Ladders can be dangerous, whether you’re on the worksite or in the home. From slips and falls to accidental electrocutions, it is truly unbelievable how many accidents happen because of improper ladder use. In the worst of cases, improper use can cost businesses millions of dollars, leave the injured permanently handicapped, and even take loved ones away from their families. With National Ladder Safety Month right around the corner, it’s a great time to talk about the shocking statistics surrounding the issue.
- A Consumer Product Safety Commission report states that more than 90,000 people receive emergency room treatment from ladder-related injuries every year. These injuries could be as simple as a sprained ankle, or as serious as a life-threatening head injury. Never take the “that would never happen to me” approach when it comes to ladders – even the most seasoned pros have serious accidents.
- Falls accounted for 350 of the 937 construction fatalities in 2015, according to the Bureau of Labor Statistics. That’s more than a third of all worksite deaths – a truly alarming number.
- In 2016, OSHA reported 2,625 violations involving ladders, making ladder safety number 7 on their annual list of the Top 10 most cited violations (and that wasn’t the first time ladder safety showed up there – it is consistently on the list, year-after-year).
- According to the National Safety Council, of all work-related injuries, falls are the second leading cause of death. Many of these happen at a lower level, resulting in a head injury, or injury to multiple body parts. While you may feel that you are safe as long as you’re not too far off the ground, any ladder work needs to be approached with great caution and care.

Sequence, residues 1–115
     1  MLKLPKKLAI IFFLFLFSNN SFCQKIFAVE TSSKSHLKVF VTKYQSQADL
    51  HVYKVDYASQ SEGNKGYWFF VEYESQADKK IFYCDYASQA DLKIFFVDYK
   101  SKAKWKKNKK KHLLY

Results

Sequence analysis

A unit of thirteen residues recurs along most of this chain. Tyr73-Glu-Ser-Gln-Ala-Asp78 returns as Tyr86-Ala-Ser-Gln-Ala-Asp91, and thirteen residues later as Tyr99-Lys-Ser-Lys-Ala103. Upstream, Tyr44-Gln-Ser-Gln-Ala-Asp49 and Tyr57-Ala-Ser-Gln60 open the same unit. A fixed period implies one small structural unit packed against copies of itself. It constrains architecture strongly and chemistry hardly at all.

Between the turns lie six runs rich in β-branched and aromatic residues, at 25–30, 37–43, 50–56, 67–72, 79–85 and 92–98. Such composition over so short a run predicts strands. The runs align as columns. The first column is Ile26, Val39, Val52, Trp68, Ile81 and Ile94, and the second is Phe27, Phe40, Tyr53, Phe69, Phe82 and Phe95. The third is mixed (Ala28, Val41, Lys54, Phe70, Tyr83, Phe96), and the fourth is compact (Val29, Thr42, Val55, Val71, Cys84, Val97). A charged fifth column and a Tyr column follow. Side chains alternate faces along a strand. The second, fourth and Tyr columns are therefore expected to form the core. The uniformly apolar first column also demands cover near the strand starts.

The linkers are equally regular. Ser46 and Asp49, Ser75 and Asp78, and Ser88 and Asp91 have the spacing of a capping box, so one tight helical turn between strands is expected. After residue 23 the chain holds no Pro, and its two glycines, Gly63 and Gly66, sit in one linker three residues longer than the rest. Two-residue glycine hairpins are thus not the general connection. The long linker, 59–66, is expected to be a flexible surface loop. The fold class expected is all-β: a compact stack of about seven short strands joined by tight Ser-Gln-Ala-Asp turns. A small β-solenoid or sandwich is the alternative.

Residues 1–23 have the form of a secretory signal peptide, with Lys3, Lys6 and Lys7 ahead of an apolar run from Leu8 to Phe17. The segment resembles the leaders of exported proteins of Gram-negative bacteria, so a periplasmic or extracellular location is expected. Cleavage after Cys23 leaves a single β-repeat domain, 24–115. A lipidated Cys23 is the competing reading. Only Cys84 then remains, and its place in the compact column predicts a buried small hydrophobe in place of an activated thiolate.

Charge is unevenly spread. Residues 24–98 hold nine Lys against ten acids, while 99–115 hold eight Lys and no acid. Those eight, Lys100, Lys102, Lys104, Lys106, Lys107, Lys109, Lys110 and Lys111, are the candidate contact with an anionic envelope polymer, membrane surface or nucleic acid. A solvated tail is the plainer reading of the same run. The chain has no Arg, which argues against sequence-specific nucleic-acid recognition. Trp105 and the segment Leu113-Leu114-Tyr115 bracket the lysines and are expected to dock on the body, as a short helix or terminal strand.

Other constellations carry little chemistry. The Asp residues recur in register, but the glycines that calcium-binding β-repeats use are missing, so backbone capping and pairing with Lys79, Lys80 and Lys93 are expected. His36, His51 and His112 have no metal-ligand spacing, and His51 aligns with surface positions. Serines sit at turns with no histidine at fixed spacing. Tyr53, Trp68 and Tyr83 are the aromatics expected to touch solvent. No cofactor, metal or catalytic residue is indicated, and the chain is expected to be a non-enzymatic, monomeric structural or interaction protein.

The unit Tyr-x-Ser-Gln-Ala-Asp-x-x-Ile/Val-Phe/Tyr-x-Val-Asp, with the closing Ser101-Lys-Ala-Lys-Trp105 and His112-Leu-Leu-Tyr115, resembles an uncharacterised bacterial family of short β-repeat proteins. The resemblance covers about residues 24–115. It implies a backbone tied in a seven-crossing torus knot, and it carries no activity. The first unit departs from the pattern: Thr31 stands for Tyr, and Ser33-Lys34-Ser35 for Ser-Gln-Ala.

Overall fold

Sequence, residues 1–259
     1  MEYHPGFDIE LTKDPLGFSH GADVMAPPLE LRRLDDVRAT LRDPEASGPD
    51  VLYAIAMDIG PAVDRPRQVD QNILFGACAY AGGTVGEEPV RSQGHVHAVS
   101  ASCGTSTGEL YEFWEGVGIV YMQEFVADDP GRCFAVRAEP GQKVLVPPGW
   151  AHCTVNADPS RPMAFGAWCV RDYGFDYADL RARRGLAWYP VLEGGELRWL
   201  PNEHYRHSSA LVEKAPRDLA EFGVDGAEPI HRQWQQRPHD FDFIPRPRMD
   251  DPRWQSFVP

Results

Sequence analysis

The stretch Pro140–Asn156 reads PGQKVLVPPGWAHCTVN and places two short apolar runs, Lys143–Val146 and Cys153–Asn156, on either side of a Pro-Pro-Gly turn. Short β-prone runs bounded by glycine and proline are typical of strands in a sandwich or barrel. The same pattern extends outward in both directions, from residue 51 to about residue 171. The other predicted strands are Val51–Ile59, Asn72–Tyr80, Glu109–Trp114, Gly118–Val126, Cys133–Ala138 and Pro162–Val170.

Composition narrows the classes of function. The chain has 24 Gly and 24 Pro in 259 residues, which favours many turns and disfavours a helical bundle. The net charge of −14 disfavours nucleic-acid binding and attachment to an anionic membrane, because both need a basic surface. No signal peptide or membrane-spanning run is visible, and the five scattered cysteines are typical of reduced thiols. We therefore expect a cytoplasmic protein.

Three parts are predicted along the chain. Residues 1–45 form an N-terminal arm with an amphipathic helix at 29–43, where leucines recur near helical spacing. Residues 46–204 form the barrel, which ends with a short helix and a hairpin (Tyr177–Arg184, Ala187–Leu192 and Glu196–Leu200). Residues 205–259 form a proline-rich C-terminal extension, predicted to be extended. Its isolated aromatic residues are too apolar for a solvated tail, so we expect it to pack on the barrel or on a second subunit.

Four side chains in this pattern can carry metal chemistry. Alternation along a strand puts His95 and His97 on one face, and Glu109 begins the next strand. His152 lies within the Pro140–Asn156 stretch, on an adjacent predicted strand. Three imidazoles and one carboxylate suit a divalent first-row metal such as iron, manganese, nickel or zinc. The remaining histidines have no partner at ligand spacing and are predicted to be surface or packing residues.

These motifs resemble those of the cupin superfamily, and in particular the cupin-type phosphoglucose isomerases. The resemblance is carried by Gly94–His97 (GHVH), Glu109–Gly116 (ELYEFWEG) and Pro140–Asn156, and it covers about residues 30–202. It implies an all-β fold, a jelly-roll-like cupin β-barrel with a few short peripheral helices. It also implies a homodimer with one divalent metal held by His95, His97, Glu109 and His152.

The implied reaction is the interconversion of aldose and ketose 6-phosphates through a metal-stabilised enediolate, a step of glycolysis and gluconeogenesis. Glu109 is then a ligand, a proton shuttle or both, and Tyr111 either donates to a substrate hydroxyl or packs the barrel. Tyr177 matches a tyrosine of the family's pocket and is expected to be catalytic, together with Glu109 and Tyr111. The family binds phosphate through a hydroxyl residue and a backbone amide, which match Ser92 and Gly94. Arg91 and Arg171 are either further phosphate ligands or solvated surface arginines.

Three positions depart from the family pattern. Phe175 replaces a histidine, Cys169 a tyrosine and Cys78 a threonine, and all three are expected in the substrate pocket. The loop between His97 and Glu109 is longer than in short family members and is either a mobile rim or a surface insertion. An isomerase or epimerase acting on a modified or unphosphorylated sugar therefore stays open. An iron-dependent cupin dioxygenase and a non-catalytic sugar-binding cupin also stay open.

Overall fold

- Researchers at Columbus Children’s Hospital’s Center for Injury Research and Policy (CIRP) in Ohio found that 97 percent of ladder-related injuries occurred at homes, farms and other non-occupational settings. Accidents can happen during even the most benign activities, such as hanging Christmas lights or painting a wall. Proper safety measures are always important!
- Over the last 10 years, ladder-related injuries have increased by 50%. That means that despite the prolific amount of safety information floating around out there, we are somehow becoming less safe! There is no reason this should be happening.
As National Ladder Safety Month approaches, take the time to think about how you could improve your own ladder safety habits, both in the house and on the job. The OSHA Portable Ladder Safety Quick Card is a great reference tool that you can keep folded up in your wallet, or pinned to your fridge. With a little thought and consideration, many ladder-related accidents can be avoided right from the start.